Gastrointestinal Intervention 2018; 7(3): 158-161
Is glue embolization safe and effective for gastrointestinal bleeding?
Shinsaku Yata,* Yasufumi Ohuchi, Akira Adachi, Masayuki Endo, Shohei Takasugi, Kazumichi Tsukamoto, Kensuke Matsumoto, Mika Kodani, Jun Makishima, Shinya Fujii
Division of Radiology, Department of Pathophysiological and Therapeutic Science, Faculty of Medicine, Tottori University, Tottori, Japan
*Division of Radiology, Department of Pathophysiological and Therapeutic Science, Faculty of Medicine, Tottori University, 36-1 Nishicho, Yonago, Tottori 683-8504, Japan.
E-mail address: (S. Yata). ORCID:
Received: July 25, 2018; Revised: August 5, 2018; Accepted: August 5, 2018; Published online: October 31, 2018.
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Transcatheter arterial embolization using N-butyl-2-cyanoacrylate (NBCA) for gastrointestinal arterial bleeding enables higher cessation rate and lower recurrent bleeding rate compared with conventional embolic materials including gelatin sponge, metallic coil, and polyvinyl alcohol (PVA) particle. Glue embolization is particularly effective in patients with coagulopathy. Even in the lower gastrointestinal tract, ischemic bowel complications by glue embolization are comparable to other agents. Glue embolization is also effective for arterial esophageal bleeding without any serious ischemic complications although the anatomy of the esophageal artery is complex and varied. For bleeding after abdominal surgery such as pancreaticoduodenectomy or hepatic lobectomy, interventional radiologists should be careful with indicating glue embolization because the presence of fewer collateral vessels can easily result in serious ischemic complications. Modified glue such as Glubran 2 (NBCA associated with methacryloxyfulfolane) can reduce the risk of ischemic complication due to its less thermal reaction, but the outcomes seem unsatisfactory.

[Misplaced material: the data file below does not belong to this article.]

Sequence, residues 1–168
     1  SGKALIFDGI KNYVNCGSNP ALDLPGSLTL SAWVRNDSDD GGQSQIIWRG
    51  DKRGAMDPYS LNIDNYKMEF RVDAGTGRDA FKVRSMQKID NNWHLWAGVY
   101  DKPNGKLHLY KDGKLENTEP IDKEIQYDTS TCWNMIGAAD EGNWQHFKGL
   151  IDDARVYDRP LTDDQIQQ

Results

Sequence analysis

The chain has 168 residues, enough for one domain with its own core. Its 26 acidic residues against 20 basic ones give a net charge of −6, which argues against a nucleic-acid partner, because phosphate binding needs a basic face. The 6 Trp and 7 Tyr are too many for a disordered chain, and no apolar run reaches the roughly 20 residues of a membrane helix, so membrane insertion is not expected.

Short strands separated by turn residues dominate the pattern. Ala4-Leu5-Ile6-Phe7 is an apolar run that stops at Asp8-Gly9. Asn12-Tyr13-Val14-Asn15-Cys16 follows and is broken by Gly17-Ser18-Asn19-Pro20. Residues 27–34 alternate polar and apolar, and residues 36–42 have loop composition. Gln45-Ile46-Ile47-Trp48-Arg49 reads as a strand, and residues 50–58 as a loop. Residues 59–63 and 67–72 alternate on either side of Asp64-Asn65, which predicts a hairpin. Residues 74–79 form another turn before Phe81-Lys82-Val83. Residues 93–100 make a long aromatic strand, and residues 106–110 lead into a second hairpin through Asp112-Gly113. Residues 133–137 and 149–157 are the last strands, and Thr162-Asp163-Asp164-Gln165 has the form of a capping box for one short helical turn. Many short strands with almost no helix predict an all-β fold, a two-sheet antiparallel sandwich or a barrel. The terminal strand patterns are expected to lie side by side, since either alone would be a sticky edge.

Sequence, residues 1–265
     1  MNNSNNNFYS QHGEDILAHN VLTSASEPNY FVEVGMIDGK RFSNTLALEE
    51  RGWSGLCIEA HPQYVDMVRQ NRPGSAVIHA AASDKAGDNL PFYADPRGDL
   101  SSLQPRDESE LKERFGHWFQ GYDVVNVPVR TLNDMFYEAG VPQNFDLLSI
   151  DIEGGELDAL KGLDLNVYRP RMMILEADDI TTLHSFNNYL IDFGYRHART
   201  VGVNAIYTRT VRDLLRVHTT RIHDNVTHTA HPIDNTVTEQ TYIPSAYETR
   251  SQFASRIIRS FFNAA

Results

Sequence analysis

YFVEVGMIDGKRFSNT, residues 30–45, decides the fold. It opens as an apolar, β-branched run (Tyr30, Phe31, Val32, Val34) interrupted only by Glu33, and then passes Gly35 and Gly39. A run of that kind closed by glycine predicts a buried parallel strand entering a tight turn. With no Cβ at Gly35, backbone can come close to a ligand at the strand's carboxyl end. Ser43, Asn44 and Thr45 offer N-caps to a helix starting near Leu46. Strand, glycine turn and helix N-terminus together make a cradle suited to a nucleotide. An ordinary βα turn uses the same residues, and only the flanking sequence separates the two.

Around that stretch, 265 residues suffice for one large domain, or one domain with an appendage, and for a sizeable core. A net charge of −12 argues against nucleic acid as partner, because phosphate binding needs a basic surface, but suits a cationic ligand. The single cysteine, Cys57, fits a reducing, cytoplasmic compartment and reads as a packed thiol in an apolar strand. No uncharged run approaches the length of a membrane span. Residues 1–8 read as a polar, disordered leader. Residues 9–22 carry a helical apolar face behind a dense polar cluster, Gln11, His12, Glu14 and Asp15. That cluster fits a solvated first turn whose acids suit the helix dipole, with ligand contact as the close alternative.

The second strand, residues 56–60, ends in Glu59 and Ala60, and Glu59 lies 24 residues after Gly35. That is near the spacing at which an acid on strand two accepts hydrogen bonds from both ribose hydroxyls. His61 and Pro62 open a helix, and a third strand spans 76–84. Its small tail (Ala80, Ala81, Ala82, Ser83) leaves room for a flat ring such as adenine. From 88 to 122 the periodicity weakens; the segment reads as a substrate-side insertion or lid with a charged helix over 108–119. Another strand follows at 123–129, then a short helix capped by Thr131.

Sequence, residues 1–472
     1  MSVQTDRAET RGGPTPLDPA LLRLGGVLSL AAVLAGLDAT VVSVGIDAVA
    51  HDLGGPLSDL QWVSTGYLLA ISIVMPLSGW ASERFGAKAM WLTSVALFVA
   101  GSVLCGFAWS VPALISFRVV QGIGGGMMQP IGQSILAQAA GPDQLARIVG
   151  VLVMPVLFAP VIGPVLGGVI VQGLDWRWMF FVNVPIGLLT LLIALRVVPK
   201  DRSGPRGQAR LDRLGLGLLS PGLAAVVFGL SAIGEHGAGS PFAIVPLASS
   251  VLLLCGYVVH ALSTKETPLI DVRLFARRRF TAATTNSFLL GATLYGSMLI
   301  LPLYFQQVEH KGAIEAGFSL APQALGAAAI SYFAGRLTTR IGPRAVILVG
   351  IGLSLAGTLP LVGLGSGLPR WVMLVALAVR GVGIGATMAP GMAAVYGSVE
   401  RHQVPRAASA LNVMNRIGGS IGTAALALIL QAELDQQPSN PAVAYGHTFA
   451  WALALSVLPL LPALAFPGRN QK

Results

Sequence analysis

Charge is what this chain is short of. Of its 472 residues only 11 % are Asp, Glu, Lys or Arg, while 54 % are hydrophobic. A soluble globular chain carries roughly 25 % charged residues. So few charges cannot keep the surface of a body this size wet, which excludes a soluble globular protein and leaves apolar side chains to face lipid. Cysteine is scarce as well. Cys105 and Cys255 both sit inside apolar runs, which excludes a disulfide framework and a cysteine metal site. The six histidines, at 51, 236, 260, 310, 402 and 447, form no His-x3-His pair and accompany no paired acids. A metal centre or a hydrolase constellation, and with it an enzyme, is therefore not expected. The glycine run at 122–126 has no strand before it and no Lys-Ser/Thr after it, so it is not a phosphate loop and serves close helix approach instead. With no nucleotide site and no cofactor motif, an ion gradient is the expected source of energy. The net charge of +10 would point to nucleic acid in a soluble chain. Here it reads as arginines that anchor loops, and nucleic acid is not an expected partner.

Keywords: Cyanoacrylates; Gastrointestinal hemorrhage; Therapeutic embolization

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